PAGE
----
By Shailagh Murray and Jim VandeHei
Washington Post Staff Writers
Thursday, September 29, 2005
As the legal troubles mounted for House Majority Leader Tom DeLay in recent weeks, he and House Speaker J. Dennis Hastert talked repeatedly to craft a detailed strategy for the Republican leadership for the day when a long-feared indictment arrived.
DeLay, according to several GOP sources, knew that House rules would give him no choice but to step down immediately. But he made clear to Hastert, his longtime friend and protege, that he was determined to fight the charges and return to power as soon as possible.
What he and Hastert wanted was a timeserver, someone to hold the job but with no ambitions to stay in it. And they had someone in mind. This week, an aide to the speaker approached Rep. David Dreier about his role in a post-DeLay caucus. Dreier, a congenial Californian who has loyally served the GOP leadership as Rules Committee chairman, expressed interest in helping Hastert.
There was one big problem: When DeLay's indictment was unsealed yesterday, conservatives in the GOP caucus immediately erupted in anger over rumors that the selection of Dreier, whom they regard as too moderate, was being presented as a fait accompli .
As the conservatives met to vent frustrations and plot options, Hastert was changing course in a separate meeting on the second floor of the Capitol. Rep. Roy Blunt (Mo.), the majority whip, was making a personal appeal for the promotion. Hastert agreed, forestalling a possible revolt by conservatives, who regard Blunt as one of their own.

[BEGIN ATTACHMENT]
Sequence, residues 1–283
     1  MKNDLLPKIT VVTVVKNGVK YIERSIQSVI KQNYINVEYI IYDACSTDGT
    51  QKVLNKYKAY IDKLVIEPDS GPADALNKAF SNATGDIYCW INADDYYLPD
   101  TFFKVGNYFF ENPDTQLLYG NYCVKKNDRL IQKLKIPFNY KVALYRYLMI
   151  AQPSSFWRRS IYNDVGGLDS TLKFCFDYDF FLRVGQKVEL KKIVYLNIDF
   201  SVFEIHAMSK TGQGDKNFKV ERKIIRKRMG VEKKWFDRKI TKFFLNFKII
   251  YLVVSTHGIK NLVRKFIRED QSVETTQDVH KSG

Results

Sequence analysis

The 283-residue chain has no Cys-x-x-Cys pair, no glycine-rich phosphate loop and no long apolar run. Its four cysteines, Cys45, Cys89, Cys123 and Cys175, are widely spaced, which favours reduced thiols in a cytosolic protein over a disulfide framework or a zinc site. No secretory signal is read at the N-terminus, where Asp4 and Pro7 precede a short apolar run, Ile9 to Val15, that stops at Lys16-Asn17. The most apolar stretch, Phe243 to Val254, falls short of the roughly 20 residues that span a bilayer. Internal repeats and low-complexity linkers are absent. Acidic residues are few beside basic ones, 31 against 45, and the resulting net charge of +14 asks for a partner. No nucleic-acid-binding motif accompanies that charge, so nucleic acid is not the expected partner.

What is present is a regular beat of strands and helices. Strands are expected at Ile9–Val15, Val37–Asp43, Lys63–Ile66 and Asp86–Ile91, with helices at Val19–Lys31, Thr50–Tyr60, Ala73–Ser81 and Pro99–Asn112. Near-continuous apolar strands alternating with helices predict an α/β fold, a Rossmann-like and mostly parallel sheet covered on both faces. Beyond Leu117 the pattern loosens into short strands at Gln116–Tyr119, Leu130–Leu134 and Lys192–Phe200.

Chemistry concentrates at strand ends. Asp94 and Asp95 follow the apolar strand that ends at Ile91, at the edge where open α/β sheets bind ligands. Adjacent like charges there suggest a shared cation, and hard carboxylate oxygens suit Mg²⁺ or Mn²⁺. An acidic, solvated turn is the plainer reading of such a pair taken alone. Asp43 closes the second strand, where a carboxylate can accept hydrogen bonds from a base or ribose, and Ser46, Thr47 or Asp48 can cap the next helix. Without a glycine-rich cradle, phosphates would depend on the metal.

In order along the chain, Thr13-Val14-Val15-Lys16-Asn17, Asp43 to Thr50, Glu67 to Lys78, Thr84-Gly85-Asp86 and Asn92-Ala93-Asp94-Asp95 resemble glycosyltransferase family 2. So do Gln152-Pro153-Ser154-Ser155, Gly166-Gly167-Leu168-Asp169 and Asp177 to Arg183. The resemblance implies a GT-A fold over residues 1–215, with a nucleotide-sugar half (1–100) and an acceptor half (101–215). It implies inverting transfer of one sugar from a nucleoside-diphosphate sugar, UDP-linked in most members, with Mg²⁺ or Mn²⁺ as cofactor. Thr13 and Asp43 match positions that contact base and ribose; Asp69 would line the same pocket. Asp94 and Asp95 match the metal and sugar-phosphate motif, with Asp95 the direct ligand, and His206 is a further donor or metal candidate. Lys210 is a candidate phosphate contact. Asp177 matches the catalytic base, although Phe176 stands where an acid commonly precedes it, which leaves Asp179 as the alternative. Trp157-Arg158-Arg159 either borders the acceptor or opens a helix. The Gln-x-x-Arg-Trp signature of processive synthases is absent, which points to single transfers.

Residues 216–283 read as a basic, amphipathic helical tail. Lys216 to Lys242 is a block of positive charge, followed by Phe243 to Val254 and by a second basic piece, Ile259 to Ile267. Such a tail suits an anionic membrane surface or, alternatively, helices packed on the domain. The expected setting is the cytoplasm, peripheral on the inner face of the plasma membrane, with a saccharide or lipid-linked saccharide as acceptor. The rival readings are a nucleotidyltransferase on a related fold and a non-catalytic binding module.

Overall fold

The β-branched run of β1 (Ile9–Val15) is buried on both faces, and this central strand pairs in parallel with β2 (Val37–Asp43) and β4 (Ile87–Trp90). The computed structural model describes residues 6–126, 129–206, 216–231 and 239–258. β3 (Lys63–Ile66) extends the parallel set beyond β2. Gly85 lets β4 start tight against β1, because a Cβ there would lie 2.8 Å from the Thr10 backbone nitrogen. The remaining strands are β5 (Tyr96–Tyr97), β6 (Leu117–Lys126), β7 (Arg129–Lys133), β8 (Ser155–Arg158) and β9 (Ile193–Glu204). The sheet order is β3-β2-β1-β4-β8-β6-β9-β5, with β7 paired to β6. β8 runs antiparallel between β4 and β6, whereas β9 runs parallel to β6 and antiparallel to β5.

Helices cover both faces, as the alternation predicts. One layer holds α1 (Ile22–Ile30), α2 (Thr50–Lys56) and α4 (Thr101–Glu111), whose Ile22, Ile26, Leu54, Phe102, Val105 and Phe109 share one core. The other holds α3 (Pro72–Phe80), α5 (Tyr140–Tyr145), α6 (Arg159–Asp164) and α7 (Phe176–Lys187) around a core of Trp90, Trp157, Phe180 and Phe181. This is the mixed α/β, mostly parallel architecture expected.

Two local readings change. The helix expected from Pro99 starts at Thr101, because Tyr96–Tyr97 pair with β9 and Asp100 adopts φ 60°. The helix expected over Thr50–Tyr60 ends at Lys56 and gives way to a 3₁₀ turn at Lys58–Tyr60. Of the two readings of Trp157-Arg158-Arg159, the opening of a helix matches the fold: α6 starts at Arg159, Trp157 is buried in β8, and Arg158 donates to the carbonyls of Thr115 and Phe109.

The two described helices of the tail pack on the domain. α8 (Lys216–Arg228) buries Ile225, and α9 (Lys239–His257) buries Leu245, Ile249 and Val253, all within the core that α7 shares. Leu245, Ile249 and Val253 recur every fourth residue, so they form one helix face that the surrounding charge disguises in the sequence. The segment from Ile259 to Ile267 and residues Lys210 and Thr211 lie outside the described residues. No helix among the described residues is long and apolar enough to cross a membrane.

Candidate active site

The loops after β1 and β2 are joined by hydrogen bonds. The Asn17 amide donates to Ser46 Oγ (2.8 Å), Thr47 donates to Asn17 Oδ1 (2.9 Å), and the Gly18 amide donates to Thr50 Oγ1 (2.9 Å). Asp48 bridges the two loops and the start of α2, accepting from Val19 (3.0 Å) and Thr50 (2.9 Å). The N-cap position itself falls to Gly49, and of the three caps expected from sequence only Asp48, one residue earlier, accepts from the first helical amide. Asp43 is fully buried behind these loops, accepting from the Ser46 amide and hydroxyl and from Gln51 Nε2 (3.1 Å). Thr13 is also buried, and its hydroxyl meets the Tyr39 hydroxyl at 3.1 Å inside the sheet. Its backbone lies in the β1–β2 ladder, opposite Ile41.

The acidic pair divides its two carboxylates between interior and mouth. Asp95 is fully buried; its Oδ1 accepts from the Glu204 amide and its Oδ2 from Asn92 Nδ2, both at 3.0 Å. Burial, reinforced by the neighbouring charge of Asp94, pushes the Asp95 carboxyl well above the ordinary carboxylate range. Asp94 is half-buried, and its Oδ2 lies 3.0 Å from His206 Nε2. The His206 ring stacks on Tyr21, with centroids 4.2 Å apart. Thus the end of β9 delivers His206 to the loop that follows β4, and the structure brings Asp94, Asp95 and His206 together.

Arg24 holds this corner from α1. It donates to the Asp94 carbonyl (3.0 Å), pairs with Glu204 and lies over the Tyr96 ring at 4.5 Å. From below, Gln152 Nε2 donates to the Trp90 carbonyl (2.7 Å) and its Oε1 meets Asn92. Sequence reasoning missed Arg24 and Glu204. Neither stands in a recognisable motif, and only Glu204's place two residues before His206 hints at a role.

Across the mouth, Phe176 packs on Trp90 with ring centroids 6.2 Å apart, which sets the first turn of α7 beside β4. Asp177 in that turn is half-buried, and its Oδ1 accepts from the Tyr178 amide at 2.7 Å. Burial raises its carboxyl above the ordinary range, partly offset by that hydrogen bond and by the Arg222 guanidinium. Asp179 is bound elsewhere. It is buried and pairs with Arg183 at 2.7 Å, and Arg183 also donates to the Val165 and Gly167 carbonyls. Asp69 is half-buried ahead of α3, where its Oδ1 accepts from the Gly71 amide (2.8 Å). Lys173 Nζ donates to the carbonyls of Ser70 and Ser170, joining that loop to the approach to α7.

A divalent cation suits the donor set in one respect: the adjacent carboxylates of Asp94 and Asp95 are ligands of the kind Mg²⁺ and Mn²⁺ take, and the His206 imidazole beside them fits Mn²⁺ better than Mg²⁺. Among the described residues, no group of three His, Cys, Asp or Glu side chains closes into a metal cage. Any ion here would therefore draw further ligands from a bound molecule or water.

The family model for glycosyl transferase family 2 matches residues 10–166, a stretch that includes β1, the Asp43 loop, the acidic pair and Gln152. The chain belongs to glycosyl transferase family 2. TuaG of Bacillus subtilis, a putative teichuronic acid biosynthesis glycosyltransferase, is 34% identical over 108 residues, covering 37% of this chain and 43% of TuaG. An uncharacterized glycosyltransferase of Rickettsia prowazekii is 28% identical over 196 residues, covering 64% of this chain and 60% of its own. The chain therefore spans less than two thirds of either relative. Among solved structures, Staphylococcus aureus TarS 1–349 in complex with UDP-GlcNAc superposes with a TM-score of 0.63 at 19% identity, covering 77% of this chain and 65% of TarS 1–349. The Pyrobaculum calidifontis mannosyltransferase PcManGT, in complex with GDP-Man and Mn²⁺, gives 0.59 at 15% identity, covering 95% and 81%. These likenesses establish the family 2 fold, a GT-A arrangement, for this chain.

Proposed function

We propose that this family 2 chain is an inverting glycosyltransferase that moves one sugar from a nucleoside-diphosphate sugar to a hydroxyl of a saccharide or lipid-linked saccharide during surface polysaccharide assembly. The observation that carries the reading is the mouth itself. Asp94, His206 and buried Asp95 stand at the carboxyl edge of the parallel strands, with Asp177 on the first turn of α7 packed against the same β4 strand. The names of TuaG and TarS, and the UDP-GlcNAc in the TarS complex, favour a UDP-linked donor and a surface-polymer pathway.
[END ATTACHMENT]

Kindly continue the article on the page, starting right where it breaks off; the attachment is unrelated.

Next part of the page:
The wild day of maneuvering made clear that beneath the image of lockstep discipline in the House -- which DeLay himself enforced for years -- the GOP caucus is rife with ambitious personalities in not-so-subtle competition. With DeLay sidelined, it will fall largely to Hastert to move President Bush's agenda and to maintain order among an increasingly restless crowd as the 2006 elections approach.
Hastert's challenge was vividly highlighted yesterday by the mood at a private late-afternoon meeting of the House Republican Conference, with nearly all members in attendance.
Some lawmakers, such as Zach Wamp (Tenn.) challenged Republican leaders to set a date for formal leadership elections instead of allowing party bosses to impose their choices. At the same time, conservatives such as Steve Buyer (Ind.) rose to say Republicans should have allowed DeLay to remain majority leader even with an indictment. Earlier this year, under pressure from Democrats and a few in his own party, Hastert reversed a rule designed expressly for DeLay that would have allowed indicted leaders to retain their positions.
Rep. Tom Feeney (Fla.) said afterward that the rules change "was like waving a red flag to Ronnie Earle," the Texas prosecutor who pushed for DeLay's indictment. Feeney said some conservatives may push for still another reversal, allowing DeLay to return even before his legal problems are resolved.